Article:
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What does the heart monitor (EKG) do in the ICU?

Deb Cordes
Deb Cordes on behalf of Sigma Nursing
Physical Medicine & Rehabilitation Specialist

Patients in the ICU are often placed on a heart monitor. The purpose of the heart monitor is to monitor the heart rate (how fast or slow it is beating) and the rhythm (how regular or irregular the heart beat is). It is important for the nurse and doctor to be able to monitor the heart rate and rhythm of a patient who is very ill. Heart rate and rhythm can help the nurse and doctor treat any problems that the patient might be having. The monitor can be set to alarm and alert the nurse if the heart rate goes to fast, to slow or shows any irregular rhythm.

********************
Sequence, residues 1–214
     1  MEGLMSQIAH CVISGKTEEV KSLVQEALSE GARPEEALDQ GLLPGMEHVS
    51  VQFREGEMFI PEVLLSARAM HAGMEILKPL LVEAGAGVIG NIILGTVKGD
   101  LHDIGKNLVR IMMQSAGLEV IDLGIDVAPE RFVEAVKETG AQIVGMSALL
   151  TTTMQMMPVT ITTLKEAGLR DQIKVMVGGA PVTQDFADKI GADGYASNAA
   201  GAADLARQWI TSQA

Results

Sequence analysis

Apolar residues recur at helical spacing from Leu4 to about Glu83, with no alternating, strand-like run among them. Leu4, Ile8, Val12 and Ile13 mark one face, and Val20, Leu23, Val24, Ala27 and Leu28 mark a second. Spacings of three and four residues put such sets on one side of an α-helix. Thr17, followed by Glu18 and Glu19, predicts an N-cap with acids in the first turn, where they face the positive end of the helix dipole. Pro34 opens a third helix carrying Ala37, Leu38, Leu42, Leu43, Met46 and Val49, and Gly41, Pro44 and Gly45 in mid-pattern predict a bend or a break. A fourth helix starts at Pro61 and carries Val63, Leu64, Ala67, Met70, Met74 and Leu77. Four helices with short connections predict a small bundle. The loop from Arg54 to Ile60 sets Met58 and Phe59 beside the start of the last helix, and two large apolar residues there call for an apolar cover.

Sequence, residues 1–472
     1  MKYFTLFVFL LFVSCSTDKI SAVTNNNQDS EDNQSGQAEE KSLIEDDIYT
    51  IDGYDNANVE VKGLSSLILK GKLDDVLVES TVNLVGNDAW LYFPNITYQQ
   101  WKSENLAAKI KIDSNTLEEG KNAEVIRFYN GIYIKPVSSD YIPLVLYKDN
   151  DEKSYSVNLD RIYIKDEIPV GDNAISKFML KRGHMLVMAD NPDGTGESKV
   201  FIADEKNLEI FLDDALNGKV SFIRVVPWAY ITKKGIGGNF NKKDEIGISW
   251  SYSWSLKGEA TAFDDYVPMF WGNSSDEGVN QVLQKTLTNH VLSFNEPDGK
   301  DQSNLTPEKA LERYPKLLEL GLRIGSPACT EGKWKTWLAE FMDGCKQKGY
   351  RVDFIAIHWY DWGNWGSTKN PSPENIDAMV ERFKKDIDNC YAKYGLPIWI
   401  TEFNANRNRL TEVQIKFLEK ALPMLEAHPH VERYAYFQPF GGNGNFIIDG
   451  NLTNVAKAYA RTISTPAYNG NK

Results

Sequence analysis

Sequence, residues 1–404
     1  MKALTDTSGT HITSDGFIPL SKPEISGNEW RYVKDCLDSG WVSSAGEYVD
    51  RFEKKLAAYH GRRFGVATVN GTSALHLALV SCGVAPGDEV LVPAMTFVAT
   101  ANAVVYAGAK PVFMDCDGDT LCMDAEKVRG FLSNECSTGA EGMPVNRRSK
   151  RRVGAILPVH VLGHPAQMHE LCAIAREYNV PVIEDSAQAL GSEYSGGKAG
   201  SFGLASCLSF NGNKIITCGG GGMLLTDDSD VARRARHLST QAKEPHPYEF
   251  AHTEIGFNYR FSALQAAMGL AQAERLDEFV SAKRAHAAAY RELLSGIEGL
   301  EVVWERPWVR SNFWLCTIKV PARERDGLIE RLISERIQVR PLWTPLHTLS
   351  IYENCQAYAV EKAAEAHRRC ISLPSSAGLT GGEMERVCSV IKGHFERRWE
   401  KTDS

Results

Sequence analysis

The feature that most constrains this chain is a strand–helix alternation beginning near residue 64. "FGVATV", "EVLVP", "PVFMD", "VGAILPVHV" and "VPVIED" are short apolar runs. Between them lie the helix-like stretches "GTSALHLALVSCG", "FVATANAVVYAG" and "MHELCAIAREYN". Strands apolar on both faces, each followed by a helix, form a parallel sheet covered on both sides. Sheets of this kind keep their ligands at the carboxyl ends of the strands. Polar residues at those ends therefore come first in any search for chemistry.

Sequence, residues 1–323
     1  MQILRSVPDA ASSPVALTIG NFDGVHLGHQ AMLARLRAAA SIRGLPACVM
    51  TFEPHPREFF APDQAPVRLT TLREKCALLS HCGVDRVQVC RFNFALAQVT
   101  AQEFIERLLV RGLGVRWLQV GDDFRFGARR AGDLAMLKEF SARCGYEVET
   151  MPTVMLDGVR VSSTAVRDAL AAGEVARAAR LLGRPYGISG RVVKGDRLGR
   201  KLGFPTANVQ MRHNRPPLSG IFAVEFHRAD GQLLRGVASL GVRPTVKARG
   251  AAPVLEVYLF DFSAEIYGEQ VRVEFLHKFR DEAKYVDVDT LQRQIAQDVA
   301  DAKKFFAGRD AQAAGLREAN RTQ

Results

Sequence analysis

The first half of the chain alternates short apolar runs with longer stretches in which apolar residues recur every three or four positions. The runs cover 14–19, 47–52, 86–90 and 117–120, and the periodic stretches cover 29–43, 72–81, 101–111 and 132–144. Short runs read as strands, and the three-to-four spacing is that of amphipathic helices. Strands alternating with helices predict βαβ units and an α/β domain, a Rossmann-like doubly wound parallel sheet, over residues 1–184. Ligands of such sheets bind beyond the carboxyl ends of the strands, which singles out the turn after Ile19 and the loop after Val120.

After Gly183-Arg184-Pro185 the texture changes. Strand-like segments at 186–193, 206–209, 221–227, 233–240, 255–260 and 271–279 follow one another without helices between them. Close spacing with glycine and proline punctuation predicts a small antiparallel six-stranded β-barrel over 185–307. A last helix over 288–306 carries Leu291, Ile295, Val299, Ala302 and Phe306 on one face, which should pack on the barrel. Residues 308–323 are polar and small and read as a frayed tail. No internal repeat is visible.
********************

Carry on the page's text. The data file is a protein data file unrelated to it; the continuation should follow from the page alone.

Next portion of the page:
Dr. Cathy Provins-Churbock, PhD
Critical Care Medicine Specialist

The heart monitor allows the nurses and physicians to monitor on an ongoing basis the rhythm and rate of the heart beat. Each heart beat is captured and transfered to a monitor for assessment. These beats look like wavy lines to lay people but carry great meaning to the healthcare team. These are indicators of patient condition. 

Family members are often concerned about the noise the machines make. Know that nursing staff monitor these all day and all night and each tone means something different. If your loved one needs immediate attention staff will enter the room.

The EKG being used in the ICU can tell us if the patient is having a fast or slow rhythm, or an abnormal rhythm.

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